'I wasn't allowed to teach my daughters to drive.'

‘I wasn’t allowed to teach my daughters to drive’: Lucky girls, given he’s had two near-fatal crashes… so what on earth made Richard Hammond get back into one of the cars that almost killed him?

Richrad Hammond clocked up another parenting milestone the other week, one he found alarming. ‘My youngest daughter passed her driving test,’ he says. 

‘That was strange, watching her drive out of the gate on her own for the first time. I thought, “Oh well, that’s that then.”’ 

Now, you’d expect that Richard – most famous for presenting high-octane motoring shows Top Gear and The Grand Tour – would have taught Willow, 18, and her elder sister Isabella, 21, to drive himself. Alas, his services were not required. 

While he was allowed in the car with both his daughters as they practised their hill starts and three-point turns, he had to agree not to speak. At all! 

Richard Hammond, 52, (pictured) says he was allowed to sit in the car whilst his daughters were learning to drive but wasn’t allowed to say anything

‘I did go out with them but only for legal reasons, and mostly I had to be silent because they’d been taught by their driving instructor how to drive to pass their driving test. Anything I said would mess that up.’ 

He doesn’t sound remotely miffed about this. ‘Oh God, no, I couldn’t teach them how to drive to pass their tests. I doubt I’d pass myself. In fact I’m sure I wouldn’t.’ 

You mean you’d go too fast? Drive as if Jeremy Clarkson was watching, ready to rib you about your skills?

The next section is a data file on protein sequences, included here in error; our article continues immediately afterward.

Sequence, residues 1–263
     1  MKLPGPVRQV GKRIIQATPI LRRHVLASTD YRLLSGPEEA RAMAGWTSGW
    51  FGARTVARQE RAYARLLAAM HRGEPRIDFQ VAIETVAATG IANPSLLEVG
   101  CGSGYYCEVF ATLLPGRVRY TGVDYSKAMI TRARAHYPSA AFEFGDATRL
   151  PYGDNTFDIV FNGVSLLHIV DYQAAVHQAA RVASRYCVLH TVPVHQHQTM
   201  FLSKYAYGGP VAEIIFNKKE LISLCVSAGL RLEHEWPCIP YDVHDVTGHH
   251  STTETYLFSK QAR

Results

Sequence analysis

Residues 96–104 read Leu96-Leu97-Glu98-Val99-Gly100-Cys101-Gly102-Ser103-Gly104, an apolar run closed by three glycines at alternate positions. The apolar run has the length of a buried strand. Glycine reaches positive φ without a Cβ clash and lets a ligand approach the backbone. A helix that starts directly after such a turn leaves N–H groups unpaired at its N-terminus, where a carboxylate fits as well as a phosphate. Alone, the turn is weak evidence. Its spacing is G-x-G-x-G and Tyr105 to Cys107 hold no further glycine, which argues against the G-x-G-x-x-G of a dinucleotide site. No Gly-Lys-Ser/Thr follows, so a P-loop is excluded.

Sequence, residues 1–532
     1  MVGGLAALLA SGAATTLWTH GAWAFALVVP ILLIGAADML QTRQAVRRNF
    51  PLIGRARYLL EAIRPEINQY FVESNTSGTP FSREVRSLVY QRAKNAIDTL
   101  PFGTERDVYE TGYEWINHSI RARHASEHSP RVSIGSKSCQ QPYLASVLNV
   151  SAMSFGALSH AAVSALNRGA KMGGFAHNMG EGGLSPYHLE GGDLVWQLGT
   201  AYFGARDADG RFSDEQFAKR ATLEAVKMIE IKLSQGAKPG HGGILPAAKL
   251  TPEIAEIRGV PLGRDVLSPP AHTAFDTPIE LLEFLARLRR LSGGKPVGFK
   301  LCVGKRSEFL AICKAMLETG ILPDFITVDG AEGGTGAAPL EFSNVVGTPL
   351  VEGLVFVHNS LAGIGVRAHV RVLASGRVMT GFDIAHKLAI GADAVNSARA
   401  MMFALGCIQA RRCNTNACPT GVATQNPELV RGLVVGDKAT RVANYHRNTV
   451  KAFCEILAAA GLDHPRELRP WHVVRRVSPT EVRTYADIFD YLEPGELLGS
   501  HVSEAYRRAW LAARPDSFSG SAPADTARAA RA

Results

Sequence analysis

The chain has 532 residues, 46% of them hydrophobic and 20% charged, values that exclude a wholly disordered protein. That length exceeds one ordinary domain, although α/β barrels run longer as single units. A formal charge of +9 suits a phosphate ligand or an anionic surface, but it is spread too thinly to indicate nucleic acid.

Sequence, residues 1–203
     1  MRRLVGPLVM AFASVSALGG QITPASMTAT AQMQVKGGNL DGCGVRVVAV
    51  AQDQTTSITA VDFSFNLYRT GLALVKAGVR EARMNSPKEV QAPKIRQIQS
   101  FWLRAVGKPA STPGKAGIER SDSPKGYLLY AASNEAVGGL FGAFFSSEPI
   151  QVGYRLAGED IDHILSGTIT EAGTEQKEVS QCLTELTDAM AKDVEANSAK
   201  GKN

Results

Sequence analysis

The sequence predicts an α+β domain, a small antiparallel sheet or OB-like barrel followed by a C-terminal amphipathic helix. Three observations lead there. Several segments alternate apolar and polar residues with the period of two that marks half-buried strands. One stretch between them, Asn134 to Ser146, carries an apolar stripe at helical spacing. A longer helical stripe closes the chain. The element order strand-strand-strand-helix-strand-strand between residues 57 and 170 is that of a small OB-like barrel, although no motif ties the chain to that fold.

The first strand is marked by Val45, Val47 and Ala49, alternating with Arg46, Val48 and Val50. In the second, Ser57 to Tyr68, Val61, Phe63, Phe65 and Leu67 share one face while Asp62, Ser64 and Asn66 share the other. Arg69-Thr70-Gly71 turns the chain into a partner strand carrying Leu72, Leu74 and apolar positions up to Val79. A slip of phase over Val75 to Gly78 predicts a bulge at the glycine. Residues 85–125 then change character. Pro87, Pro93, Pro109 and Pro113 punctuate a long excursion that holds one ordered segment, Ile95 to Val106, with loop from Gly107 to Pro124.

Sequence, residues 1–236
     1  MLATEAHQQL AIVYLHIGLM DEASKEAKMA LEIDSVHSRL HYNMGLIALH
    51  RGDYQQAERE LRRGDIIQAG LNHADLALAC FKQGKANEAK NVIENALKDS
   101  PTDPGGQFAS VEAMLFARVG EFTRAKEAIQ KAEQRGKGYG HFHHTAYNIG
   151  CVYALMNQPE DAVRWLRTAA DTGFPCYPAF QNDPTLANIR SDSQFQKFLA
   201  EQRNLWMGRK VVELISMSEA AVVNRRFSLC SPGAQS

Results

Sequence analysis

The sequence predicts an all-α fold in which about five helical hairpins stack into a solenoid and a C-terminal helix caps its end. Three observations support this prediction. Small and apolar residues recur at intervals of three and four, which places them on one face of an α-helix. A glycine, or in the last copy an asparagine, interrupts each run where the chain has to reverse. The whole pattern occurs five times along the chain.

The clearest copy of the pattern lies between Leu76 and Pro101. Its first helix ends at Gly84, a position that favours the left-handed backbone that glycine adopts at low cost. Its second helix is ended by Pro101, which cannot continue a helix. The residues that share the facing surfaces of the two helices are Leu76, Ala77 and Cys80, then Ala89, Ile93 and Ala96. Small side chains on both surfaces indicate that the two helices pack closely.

‘No, I’d probably be able to curb those sorts of urges, but everything’s changed about the test since I did it. You have to open the door in a particular way now, so you don’t open it into traffic. I’m certain I’d fail.’ 

Obviously Richard, 52, is a man who knows about feeling terror in a car. He’s as famous for his epic accidents as he is for his TV presenting. 

In 2006, filming Top Gear, he spent two weeks in a coma and sustained brain injuries following a catastrophic crash. He was driving at more than 300mph in a jet-powered Vampire when a front tyre failed, causing the car to flip. 

He was rushed to hospital after being cut from the vehicle, lucky to be alive. 

A decade later he had another near miss, this time on The Grand Tour, when his Rimac Concept One supercar flipped, careered down a Swiss mountainside and burst into flames. Presumably, sitting beside a teenage learner inspires a different type of terror though? 

Richard pictured with his elder daughter Isabella. In 2006, filming Top Gear, he spent two weeks in a coma and sustained brain injuries following a catastrophic crash

He laughs. ‘I’d love to be able to tell you that sitting beside my teenage daughters as they learned to drive was more terrifying than going off a Swiss mountain in a blazing supercar, but it wasn’t, because my daughters are actually pretty good drivers. I think maybe they’ve learned from watching me make mistakes.’